US Fed Policy May 2024: Here are 5 key highlights


1.US interest rates at over 2 decade-high

The Fed kicked off an aggressive monetary policy tightening cycle by raising the policy rate by 5.25 percentage points since March 2022 – in one of the swiftest Fed reactions to rising price pressures that had eventually hit a 40-year peak.

However, the central bank has it has kept its policy rate in the current range since last July 2023. The Fed’s rate hikes have helped lower annual inflation from a peak of 9.1 per cent in June 2022 to 3.2 per cent. However, they have also made borrowing much costlier for businesses and households.

Today's policy statement also repeated that officials are still seeking "greater confidence" in a continued decline of inflation before they begin cutting interest rates, a language adopted at the Fed's January 30-31 meeting that is likely to stay in place until just before the first rate reduction.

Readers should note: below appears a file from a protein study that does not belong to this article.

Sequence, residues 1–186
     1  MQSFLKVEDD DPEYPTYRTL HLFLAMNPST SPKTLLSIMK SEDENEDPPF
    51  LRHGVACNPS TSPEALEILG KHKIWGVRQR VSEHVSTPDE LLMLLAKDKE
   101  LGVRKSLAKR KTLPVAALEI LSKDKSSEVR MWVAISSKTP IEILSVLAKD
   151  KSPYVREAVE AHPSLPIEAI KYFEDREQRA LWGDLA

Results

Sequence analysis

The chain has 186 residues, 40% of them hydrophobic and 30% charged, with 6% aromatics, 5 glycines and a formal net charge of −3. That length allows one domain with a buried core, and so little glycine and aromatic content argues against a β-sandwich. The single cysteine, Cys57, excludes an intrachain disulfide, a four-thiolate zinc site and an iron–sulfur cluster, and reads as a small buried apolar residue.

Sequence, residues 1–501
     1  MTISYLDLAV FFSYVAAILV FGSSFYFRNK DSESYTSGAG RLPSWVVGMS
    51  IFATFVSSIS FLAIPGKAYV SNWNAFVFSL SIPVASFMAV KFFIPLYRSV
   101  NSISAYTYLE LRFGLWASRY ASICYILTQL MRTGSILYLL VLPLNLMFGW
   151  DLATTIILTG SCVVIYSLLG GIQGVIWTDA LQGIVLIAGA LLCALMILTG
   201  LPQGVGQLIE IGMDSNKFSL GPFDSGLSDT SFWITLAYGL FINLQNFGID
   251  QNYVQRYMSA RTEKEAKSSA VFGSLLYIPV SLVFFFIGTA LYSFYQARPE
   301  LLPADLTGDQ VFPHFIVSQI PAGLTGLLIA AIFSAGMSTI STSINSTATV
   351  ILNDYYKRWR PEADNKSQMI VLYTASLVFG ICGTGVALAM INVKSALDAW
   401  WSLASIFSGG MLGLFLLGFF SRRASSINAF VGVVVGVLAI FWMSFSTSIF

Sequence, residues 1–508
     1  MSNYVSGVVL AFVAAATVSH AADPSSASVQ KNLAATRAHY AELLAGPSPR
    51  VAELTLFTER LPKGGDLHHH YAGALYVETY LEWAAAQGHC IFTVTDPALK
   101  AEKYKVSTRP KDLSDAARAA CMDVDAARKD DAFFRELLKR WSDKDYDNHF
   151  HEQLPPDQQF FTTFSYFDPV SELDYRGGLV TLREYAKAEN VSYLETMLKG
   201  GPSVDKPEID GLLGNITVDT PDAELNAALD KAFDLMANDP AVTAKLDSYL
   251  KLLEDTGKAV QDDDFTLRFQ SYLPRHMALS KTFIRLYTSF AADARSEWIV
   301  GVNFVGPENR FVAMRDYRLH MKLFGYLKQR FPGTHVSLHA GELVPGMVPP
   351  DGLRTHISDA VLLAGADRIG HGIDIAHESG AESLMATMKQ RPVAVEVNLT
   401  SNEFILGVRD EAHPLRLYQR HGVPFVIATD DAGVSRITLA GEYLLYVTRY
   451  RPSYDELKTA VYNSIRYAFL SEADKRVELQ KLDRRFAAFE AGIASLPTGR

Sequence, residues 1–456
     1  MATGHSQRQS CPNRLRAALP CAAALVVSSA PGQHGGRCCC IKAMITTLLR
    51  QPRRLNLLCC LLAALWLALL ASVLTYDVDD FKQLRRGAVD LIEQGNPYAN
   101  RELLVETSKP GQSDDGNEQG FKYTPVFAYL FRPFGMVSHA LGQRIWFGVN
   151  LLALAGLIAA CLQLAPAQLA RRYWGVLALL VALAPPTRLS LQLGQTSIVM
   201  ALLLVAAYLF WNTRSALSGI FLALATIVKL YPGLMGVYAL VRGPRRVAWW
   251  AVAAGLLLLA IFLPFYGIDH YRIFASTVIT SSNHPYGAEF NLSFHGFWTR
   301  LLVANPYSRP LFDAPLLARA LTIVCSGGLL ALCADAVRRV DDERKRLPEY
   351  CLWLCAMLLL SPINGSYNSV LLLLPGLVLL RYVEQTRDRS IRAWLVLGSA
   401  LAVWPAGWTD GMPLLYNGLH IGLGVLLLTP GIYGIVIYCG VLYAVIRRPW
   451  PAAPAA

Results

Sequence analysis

2.US Fed to not cut rates until inflation cools

Inflation has eased over the past year but remains elevated, said the US central bank. "In recent months, there has been a lack of further progress towards the Committee's two per cent inflation objective," the Fed said in its statement. 

Where the March statement suggested an improving dynamic, saying that the risks to the economy "are moving into better balance," the current statement hinted the process may have stalled with its assessment that risks “have moved toward better balance over the past year.” 

‘’The economic outlook is uncertain, and the Committee remains highly attentive to inflation risks,'' it added. "The Committee does not expect it will be appropriate to reduce the target range until it has gained greater confidence that inflation is moving sustainably towards two per cent," the Fed repeated in its statement that still indicated the next move on rates will be down.